From Brian Whitefield
From Brian Whitefield
I sympathise with Ronald Dell over his problem with the names of pharmaceuticals (Chemistry World, March 2006, p32). Some 50 years ago, when National Service temporarily converted me from organic chemist to nurse, the nature of preparations could be easily determined from their Latinate names or, in the case of romantic sounding ones like Castellani’s paint or lotio d’Alibur, by quick reference to the British Pharmacopoeia.
A few years ago, suffering from arteritis, nephrotic syndrome and to add insult to injury, hospital acquired pneumonia, I was subjected to a battery of pharmaceuticals, some of which were to combat the side effects of other that were given to combat the side-effects etc. From the names of some an odd chemical group may be recognised but for most the name gave no indication of structure or family.
The one that intrigued me most was cyclophosphamide and having staggered to the local reference library I discovered not only its structure but that its purpose is to act as an acylating agent. On the next visit to the renal clinic I asked the consultant what it acylated and why. While he cogitated on a reply his registrar chipped in with, ’It buggers the white cells’. Who says scientists can’t communicate clearly?
B Whitefield CChem MRSC
From Roger Trigg
Ronald Dell (Chemistry World, March 2006, p32) may be surprised to learn that drugs get their generic names through a very well-regulated and internationally coordinated combination of science and creativity. The reins are held by the World Health Organization whose international nonproprietary names (INN) expert committee reacts to the requirements of manufacturers for generic names for new drug entities.
In the early days of synthetic drugs the generic name was often a corruption of the systematic chemical name: bendroflumethiazide derives from 3-benzyl-3,4-dihydro-6-trifluoromethyl-2H-1,2,4-benzothiadiazine-7-sulfonamide 1,1-dioxide.
In tamoxifen the prefix ’tam-’ derives from ’dimethylamino-’, part of its chemical name. Nowadays every effort is made to create names that provide guidance to health professionals by means of a common stem for substances with similar therapeutic or pharmacological action and that are short and simple enough for common use. Thus, ACE inhibitors bear the stem -pril or -prilat, 5HT3 serotonin receptor antagonists use the stem -setron and fluorine-containing quinolone antibacterials, the stem -floxacin. Couple such stems with a distinctive prefix and you have a template to generate a seemingly inexhaustible supply of meaningful new drug names within each class.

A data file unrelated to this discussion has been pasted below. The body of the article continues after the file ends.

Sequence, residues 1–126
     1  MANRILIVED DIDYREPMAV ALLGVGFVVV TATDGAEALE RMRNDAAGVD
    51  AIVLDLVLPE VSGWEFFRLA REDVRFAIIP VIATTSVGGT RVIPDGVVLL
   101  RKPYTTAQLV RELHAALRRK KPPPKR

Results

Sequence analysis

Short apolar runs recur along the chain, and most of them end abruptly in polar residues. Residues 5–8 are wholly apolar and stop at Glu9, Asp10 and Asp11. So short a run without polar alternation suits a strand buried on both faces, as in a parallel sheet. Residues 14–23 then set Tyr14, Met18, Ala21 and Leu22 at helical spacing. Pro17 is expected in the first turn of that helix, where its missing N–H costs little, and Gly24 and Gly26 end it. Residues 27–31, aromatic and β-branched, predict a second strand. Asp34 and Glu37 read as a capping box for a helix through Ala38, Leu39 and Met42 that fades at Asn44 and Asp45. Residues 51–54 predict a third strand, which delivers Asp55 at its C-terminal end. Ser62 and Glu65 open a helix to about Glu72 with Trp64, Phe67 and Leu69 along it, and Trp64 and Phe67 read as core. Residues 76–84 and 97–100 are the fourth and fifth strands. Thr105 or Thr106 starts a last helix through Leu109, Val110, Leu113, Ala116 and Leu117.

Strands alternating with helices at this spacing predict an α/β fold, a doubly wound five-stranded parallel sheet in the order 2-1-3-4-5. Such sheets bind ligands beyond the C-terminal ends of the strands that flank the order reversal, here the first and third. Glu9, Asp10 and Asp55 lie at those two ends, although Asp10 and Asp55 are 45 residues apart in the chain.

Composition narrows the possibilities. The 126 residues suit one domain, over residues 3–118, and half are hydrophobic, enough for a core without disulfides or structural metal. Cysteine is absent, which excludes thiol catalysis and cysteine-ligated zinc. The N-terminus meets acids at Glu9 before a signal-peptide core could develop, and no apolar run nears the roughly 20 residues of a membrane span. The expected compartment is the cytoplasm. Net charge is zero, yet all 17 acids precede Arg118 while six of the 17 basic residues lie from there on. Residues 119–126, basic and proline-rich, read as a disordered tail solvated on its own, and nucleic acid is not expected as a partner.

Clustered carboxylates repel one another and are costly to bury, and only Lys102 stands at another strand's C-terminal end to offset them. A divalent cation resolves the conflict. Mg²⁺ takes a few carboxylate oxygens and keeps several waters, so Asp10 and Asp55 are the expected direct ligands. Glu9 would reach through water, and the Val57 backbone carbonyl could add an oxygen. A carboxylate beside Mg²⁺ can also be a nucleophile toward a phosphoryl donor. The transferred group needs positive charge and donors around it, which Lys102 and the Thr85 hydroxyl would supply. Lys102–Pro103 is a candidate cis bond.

Sharp-eyed TV viewers may have noticed the generic name of Herceptin, an anticancer drug much in the news recently: trastuzumab in which the suffix -mab represents ’monoclonal antibody’, of which there are currently 112 named examples, and -zumab denotes ’humanised origin’ (10 examples). The complex system devised to accommodate the many types of monoclonal antibody represents the zenith of the ’prefix/stem’ approach to generic drug nomenclature. Some of the results can be tongue-twistingly awkward (try adecatumumab) but I hope Dell can now begin to appreciate the art and science behind these names.
R B Trigg CChem FRSC
Former secretary of the BP commission nomenclature committee and former member of the WHO expert committee on INN
From Brian Malpass
Ian Carmichael challenges my identifying the poison gas in Wilfred Owen’s poem Dulce et decorum est as phosgene (Chemistry World, March 2006, p32).
In making the attribution I was relying on a private communication. When I first read the poem at school there was a footnote to the effect that the gas referred to was believed to be either phosgene or chlorine.
Because I had just started studying chemistry, I was intrigued by the ambiguity and decided to consult an expert, my grandfather, who had survived gas attacks in the Great War. Without hesitation, he said the gas was phosgene. I am unable to check his reasoning as he died at a ripe old age 40 odd years ago. However, I believe that although phosgene is often described as a colourless gas, it forms a greenish-yellow cloud when the liquid form is released. Incidentally, the old man, who was a pretty dour individual, was moved to tears by the poem.
And, by the way, David Richardson, who challenges my remark that Tom Lehrer’s song The elements contains the name of every single element, can stand down. The canny Lehrer, perhaps sensing future pedant attack, covered himself by concluding with the words:
These are the only ones of which the news has come to Harvard,
And there may be many others but they haven’t been discovered.
Lehrer himself is not available for comment, having retired tragically early from satire on the grounds of unfair competition, following the award of the Nobel peace prize to Henry Kissinger in 1973.
B Malpass CChem MRSC
From Bob Lowrie
It was good to learn that Humphry Davy was a poet (Chemistry World, February 2006, p80). He was himself the subject of a clerihew:
he lived in the odium
of having discovered sodium.
R S Lowrie CChem FRSC
Wheatley, Oxford, UK
From Peter Kirk